Get Mass Exposure For Your Brand Via Contrast Marketing

Contrast is used in advertising to pull a viewer’s attention to a product or brand. It is often used to separate the subject from the background in order to create more visual space for the brand itself.

Many companies employ this technique because of its effectiveness to promote a product. When a product is able to stand out from the background, it appears more dominant and therefore important. Adversely, the ground—or background—is hazy and vague and appears more submissive and therefore less important. Juxtaposing the foreground (product) with the background (blurred or indistinct imagery) can really help push a brand’s message forth.

For example, Crest created an ad campaign promoting their 3D White toothpaste in which everyday items were in all white. The message that Crest was trying to relay was that their toothpaste has the ability to whiten the harshest of stains, including cherries and coffee. In order for Crest to successfully convey their message to consumers, they created a visually appealing ad that contained two items that we know not to be white, cherries and coffee. This type of advertising is used all over the place, from print to billboards to digital and everywhere in between. Its effectiveness is obvious. The longer your eyes remain on the image, the more time you will spend navigating around the advertisement, which is exactly what Crest intended! 

Our eyes are naturally drawn to images that we perceive to be out of place, confusing, or shocking. Take, for example, this advertisement for ice cream by the company Antonio Federici with the text, “Immaculately Conceived.” The implication here is that this delicious ice cream was immaculately conceived just like Jesus Christ. There are ethical implications of creating such a controversial ad, though. Although the brand might be talked about because of its imagery, it may not be referenced in a good way. Some potential customers may find this message highly offensive and stay away from the product out of principle. This may not be the message that the company necessarily wants to send to its customers no matter how much press they receive.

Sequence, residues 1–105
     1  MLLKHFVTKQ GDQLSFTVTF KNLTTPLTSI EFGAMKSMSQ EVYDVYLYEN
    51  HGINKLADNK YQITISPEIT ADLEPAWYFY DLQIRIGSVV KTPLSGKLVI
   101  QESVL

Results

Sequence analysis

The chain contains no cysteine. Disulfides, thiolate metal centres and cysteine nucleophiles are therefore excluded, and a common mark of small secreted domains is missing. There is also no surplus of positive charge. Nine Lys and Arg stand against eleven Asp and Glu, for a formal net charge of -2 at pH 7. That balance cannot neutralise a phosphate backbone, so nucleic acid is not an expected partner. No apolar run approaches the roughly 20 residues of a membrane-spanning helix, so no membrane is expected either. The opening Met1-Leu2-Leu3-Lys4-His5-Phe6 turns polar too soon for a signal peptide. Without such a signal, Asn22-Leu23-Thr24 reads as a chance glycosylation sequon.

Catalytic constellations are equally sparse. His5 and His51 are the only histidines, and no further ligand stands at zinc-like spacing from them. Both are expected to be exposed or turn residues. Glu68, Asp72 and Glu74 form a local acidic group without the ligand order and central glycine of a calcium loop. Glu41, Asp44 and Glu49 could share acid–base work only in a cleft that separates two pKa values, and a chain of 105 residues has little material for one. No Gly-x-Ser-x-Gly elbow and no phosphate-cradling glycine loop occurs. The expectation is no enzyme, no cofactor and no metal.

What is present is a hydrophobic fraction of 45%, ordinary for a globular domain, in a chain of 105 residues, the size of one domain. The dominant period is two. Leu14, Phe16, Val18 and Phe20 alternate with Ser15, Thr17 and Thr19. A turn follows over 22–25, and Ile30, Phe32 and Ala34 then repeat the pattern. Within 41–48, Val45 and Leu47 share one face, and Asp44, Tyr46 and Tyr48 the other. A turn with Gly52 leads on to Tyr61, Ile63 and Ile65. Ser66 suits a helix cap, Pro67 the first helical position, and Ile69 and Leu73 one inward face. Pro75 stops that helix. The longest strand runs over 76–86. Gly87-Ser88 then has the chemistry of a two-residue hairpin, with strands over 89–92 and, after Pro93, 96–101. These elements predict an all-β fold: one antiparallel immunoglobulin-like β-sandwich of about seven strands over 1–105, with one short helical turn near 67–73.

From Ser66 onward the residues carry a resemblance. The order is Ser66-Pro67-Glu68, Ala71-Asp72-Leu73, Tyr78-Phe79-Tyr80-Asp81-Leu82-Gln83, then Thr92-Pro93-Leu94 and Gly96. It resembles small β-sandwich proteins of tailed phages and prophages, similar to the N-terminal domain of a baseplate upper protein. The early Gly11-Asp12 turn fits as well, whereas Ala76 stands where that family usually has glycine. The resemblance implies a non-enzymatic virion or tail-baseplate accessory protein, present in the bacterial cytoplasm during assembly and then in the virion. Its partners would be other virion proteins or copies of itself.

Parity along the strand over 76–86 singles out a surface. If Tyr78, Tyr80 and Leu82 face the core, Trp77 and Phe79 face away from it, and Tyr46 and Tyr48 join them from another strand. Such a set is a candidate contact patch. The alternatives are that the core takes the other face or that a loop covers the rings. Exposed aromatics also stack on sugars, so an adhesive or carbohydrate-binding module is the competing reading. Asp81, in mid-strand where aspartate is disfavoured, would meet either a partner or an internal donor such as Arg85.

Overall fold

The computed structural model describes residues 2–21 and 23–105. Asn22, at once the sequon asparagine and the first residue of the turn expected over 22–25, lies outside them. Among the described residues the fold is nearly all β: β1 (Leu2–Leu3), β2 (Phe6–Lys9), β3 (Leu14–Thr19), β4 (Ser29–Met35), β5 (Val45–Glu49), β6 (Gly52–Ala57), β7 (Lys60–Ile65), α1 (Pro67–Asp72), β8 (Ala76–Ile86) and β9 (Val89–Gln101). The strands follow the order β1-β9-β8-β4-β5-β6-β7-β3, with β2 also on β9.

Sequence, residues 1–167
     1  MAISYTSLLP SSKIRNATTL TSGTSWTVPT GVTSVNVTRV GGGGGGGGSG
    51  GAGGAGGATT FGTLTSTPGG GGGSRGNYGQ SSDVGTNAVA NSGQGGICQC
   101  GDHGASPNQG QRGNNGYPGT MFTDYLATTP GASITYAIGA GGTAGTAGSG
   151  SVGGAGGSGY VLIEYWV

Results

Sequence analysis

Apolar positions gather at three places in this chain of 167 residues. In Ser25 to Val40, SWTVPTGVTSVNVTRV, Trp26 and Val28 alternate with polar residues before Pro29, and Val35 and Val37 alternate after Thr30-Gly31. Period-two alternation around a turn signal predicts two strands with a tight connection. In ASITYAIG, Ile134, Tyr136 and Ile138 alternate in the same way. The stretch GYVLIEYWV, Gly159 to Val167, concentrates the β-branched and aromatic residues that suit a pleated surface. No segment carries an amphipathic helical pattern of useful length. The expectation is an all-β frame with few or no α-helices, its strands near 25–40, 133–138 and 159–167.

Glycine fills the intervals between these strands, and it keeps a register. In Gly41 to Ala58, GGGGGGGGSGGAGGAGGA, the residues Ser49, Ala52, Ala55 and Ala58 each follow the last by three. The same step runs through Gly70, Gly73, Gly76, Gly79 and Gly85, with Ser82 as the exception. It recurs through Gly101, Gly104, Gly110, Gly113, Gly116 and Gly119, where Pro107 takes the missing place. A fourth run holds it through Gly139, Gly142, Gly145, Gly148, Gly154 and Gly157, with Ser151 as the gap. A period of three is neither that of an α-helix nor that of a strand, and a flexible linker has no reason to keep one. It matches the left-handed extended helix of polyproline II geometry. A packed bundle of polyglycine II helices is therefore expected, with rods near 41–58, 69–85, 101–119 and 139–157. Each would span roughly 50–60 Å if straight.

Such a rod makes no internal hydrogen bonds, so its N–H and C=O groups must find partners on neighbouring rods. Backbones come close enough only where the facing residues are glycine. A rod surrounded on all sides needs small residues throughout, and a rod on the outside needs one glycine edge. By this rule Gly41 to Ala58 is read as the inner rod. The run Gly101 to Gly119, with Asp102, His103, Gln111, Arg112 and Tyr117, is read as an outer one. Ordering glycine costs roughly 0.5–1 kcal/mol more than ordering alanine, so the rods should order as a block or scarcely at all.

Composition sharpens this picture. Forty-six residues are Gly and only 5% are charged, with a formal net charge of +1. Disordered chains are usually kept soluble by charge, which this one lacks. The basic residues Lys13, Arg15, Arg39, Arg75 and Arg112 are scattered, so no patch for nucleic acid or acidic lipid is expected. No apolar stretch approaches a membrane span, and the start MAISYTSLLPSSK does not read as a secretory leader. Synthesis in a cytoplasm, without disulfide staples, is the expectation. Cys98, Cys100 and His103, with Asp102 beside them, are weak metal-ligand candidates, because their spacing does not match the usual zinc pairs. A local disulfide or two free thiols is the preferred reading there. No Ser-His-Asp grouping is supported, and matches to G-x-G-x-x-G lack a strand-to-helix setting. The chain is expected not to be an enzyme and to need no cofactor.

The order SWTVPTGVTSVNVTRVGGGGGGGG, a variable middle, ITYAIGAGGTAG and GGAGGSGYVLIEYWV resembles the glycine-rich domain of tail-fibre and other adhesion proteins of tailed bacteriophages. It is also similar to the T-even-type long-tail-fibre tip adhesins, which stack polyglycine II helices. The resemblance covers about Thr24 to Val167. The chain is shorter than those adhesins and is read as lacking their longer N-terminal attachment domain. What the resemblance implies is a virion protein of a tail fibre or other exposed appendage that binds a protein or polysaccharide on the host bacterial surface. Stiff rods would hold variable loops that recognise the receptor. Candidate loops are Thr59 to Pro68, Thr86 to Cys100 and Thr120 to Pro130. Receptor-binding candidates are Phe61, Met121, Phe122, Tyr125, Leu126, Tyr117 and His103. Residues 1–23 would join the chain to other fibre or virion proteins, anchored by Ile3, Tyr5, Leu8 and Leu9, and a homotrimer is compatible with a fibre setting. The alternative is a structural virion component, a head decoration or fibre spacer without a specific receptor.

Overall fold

The next image for Mom’s Demand Action shows two people, a little girl with an ice cream cone and a man with a rifle. The text reads, “One of them isn’t welcome at Kroger. Guess which one.” The advertisement is sending a message that a person is not allowed in the store without a shirt, so why would someone be allowed inside with a gun? The image of a man with a gun and a girl eating ice cream is interesting, especially since they are set against a grocery store background. It makes the reader curious as to what the message is and is a bit over the top. They are asking the reader to question why this scenario is acceptable. It works because it is visually interesting without being too obscene.

The final example is a fitness advertisement by the company Companhia Athletica. The ad is not in English, but the message is clear: workout and stay in shape. The image shows a young, fit female athlete jumping in the air within a silhouette of a fat person eating what appears to be a chicken leg. The message contrasts the obese, junk food consuming couch potato with the young woman whose life is great and full of zest because of her choice to exercise. The message is clear and it is strong and relatable. Many people want to look better and feel better and by looking at how happy and fit this woman is compared to her fat former self, it makes the reader want to join in on the fun.

Regardless of your feelings on the merits of contrast advertising, it is undeniably effective in creating interest and dialogue. People want to talk about stuff they find visually appealing and share it with their friends! It's that kind of advertising that works well generate a wave of word-of-mouth impressions and as we all know, that usually equals revenue.

If you have any more examples of contrast advertising, feel free to add them in the comments section. To contact us about how we can help you advertise, email us at info@foundingcitysocial.com or click here.